If the sector is to be judged on its achievements rather than cost, non-profits need to offer more comprehensive and consistent impact measures, said speakers at this year’s EFA Skillshare.
With the public demanding greater transparency around how charities work, delegates agreed that there is increasing pressure for organisations to demonstrate impact, particularly among younger supporters who want to understand where and how their money is being spent.
At the event in Oslo last month, Anders Magnus Løken, director of Risk Advisory at Deloitte Norway, said: “More often than not, non-profits are measured on administration costs, rather than what they should be measured on; what they have achieved.”
Siri Nodland, secretary general of the Norwegian Fundraising Association (Norges Innsamlingsråd) added: “But we can’t complain about how people assess us if we don’t offer a better solution.”
She explained that, in response to the public’s demand for greater transparency, the Norwegian Control Committee for Fundraising (Innsamlingskontrollen) publishes an annual list of the NGOs with the lowest administration costs. This does not communicate what the organisation achieves and, because every organisation reports their own project and administrative costs in a different way, the list doesn’t enable meaningful comparison. And yet, this is the most tangible measure that the public can access to make decisions over which non-profits to support.
The challenge, Løken added, is that there is no clear ‘currency’ for impact that covers the full spectrum of charitable causes: “If we all used a common language on impact, it would be far easier to shift our focus onto the results.”
Impact measurement for the right reasons
With relatively few meaningful comparison measures available to help them identify which charities to support, philanthropists are increasingly consulting the financial and investment community for advice on where to invest to achieve most impact.
And yet, Løken highlighted that impact measurement shouldn’t simply be led by the needs of philanthropists and potential funders. “Tracking the impact of charities’ work informs future strategy,” he said. “It enables the organisation to make more informed choices and, ultimately, to increase future impact.”
“Member charities of Giva Sverige are required to issue an impact report annually,” said secretary general Charlotte Rydh. “This isn’t just about giving the public what they want. It’s important to really understand impact. You shouldn’t be doing it for someone else. You have to do it for the right reasons, to achieve change, not just to demonstrate it.”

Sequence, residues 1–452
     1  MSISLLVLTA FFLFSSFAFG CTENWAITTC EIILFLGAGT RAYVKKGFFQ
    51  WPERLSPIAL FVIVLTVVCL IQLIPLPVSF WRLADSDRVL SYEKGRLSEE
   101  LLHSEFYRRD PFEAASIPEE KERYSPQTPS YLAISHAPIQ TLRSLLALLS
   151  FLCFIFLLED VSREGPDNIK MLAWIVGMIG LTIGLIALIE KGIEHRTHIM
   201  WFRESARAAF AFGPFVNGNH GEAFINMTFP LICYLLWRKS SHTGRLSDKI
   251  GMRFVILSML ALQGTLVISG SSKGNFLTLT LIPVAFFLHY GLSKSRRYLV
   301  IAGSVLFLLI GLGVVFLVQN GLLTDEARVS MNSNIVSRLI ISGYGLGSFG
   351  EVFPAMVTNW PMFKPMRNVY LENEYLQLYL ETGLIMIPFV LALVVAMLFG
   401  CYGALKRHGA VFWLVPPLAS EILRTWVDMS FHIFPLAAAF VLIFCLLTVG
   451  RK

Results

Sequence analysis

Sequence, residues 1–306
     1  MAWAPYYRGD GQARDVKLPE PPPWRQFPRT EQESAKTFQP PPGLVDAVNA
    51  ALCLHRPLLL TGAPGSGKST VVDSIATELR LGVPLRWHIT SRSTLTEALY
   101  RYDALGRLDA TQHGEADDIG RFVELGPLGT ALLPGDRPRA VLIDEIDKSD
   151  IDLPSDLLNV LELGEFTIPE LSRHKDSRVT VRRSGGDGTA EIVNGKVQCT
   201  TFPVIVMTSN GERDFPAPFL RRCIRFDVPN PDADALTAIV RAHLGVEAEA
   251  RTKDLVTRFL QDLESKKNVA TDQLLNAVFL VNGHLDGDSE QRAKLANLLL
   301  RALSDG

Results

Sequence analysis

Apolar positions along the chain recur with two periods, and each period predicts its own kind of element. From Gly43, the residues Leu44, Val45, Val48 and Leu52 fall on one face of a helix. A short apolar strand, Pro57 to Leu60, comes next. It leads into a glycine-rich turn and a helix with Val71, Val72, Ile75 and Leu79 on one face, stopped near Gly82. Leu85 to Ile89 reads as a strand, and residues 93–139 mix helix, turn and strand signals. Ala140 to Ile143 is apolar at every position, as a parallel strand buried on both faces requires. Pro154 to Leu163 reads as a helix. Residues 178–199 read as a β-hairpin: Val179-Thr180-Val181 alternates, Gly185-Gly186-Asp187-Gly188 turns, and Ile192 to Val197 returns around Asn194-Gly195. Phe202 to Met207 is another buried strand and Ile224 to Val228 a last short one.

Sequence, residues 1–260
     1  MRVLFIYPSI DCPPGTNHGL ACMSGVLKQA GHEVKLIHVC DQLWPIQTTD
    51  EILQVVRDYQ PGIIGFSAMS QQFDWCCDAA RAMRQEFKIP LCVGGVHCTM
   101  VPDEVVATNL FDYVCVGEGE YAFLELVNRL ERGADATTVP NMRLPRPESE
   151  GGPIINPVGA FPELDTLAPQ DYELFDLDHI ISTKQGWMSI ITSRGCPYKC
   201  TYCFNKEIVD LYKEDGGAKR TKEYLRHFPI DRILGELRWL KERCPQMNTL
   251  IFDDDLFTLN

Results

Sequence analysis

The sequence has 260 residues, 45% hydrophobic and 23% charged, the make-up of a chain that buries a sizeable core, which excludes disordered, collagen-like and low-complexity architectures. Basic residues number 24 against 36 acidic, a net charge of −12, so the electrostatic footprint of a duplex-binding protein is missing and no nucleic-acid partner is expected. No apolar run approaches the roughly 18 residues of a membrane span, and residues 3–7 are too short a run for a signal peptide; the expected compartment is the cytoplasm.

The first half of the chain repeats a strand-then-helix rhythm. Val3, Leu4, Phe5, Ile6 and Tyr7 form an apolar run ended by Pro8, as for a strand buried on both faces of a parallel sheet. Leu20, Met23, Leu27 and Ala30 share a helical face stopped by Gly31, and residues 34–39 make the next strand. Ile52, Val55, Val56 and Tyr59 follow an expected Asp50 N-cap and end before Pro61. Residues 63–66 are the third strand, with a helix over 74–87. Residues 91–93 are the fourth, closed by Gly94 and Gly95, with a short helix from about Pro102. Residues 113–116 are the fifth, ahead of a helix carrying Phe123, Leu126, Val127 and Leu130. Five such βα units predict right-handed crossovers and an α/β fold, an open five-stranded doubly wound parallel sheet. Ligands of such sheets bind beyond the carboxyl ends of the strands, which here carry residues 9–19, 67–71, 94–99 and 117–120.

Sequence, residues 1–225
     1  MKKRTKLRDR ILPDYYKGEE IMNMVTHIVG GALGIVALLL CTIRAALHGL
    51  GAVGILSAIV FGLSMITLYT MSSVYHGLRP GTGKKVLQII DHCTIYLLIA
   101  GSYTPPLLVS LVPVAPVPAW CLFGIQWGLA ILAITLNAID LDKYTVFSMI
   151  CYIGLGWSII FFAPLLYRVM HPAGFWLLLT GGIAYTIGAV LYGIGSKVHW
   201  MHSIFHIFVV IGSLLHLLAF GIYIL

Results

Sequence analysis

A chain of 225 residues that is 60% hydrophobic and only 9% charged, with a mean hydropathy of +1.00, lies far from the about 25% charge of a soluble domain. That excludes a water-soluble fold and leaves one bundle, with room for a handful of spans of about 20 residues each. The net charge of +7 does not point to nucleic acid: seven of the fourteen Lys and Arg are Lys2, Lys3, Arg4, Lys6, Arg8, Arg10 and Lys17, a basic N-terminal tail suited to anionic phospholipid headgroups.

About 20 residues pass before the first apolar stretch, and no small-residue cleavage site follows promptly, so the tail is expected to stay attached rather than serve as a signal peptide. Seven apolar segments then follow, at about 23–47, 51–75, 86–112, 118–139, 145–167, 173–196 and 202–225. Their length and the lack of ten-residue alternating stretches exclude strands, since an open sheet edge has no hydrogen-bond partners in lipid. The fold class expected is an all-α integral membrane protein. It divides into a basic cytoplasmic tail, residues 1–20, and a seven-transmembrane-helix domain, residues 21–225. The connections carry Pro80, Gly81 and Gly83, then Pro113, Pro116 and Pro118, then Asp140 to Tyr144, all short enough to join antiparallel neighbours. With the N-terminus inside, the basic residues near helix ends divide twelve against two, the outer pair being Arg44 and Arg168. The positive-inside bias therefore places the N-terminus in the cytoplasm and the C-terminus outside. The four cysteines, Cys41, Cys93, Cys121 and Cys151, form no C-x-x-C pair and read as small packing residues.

Certainly, non-profits have increased their focus and investment in impact monitoring in recent years, now using a range of measures and methodologies. This includes EVPA’s impact management principles and the United Nations Sustainable Development Goals.
Doug Balfour, senior advisor at Geneva Global, highlighted that the demand for impact is unlikely to diminish. “The requirement for more robust social impact measurement will continue to grow and get more discerning.”
He explained that the sector needs to offer more opportunities for co-creation, drawing donors and funders into the design process for charitable services. “Donors are pushing for more co-creation between donors and grantees. Donor collectives, systems change programmes and philanthropic funds all exist because donors want to see more social impact for their money.”
See more in Doug’s blog here.
Case study: Drive for Life
Skillshare speaker and Drive for Life founder, Knut Ove Børseth explained that measuring impact is so important to the social enterprise that it now sits at the heart of the programme’s service delivery.
Drive for Life first came about when Børseth returned from winning a European rally car championship to a local fan base of children and teenagers. Noticing that many of these children craved a sense of belonging, were at risk of dropping out of school and of becoming isolated from society, he gave them a cap and found them jobs to do in his garage. This grew into a structured adrenaline-filled sports programme, offering a safe space for vulnerable children to build friendships and communities.
“We knew we were doing something right and we could see that we were making a difference, but we didn’t know how we could scale it up and encourage people to invest in the programme. For this to happen, we needed people to understand the impact of our work.
“But we didn’t know how to measure our work. After all, how do you measure happiness or loneliness? How do you measure the impact not just on beneficiaries, but on neighbours and communities?”
Drive for Life has since researched and established a socio-economic model and solid routines for impact reporting that looks not only at what the programme achieves, but what would have happened if its services were not provided. The analysis explores the impact on the individuals within the programme, their communities, contribution to achieving SDGs and the social return on investment.
Continuous monitoring of its social impact is recognised as a priority for everyone within the organisation, helping to ensure they can continue to track progress and report back to supporters and investors.
Nine years later, the programme has spread through 58 municipalities in Norway and launched in Sweden. More than 2,000 youths have participated, with 9 in 10 of those staying on at least an extra year in school. Drive for Life reports that the programme contributes more than 1.5 billion NOK in socio-economic benefit, with local authorities getting NOK 7 back for every krone invested.
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